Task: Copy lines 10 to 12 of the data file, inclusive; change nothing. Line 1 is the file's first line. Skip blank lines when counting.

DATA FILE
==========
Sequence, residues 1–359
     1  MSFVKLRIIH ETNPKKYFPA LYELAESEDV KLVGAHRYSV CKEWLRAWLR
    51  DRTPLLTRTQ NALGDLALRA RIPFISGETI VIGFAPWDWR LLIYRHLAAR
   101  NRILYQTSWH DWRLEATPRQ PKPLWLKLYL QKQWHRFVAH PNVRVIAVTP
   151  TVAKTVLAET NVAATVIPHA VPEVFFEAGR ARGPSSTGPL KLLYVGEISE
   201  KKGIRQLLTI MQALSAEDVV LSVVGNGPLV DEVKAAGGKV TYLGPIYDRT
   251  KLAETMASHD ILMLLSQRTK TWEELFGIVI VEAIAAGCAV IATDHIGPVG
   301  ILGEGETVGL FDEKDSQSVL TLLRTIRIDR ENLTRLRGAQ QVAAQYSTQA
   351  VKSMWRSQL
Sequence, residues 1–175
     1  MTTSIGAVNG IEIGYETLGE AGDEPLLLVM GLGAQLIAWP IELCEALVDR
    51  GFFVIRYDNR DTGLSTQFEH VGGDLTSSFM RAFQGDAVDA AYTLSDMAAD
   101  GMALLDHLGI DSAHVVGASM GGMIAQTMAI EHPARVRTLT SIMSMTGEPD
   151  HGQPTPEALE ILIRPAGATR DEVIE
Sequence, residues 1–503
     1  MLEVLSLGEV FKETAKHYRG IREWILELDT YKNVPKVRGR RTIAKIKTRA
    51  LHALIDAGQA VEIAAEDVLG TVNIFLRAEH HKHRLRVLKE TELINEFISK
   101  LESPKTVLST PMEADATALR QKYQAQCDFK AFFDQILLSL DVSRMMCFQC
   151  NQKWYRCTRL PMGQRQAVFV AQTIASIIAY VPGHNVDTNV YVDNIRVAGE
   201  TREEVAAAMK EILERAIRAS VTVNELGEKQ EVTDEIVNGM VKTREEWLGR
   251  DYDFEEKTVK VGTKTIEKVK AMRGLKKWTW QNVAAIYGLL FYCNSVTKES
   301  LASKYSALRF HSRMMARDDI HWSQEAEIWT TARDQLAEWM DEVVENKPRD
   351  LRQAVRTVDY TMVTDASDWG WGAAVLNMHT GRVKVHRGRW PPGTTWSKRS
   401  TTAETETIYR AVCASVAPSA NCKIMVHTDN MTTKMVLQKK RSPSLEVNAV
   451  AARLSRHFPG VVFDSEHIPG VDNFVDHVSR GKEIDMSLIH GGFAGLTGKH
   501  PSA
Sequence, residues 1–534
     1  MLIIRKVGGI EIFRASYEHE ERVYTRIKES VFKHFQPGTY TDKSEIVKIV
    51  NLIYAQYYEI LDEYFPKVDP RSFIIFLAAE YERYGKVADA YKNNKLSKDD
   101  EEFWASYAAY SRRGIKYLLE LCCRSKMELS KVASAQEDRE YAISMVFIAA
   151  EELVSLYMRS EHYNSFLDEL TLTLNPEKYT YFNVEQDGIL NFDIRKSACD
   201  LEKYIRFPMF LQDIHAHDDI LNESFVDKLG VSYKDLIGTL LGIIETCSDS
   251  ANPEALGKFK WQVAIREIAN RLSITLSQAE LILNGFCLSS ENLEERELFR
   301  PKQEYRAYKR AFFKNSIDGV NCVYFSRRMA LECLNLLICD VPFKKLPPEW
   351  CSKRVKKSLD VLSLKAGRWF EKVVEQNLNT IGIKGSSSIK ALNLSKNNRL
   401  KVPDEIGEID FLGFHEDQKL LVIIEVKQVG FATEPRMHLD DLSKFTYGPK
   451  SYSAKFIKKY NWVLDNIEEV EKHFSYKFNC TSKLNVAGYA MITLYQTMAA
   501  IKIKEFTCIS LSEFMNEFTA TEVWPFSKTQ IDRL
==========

Sequence, residues 1–175
     1  MTTSIGAVNG IEIGYETLGE AGDEPLLLVM GLGAQLIAWP IELCEALVDR
    51  GFFVIRYDNR DTGLSTQFEH VGGDLTSSFM RAFQGDAVDA AYTLSDMAAD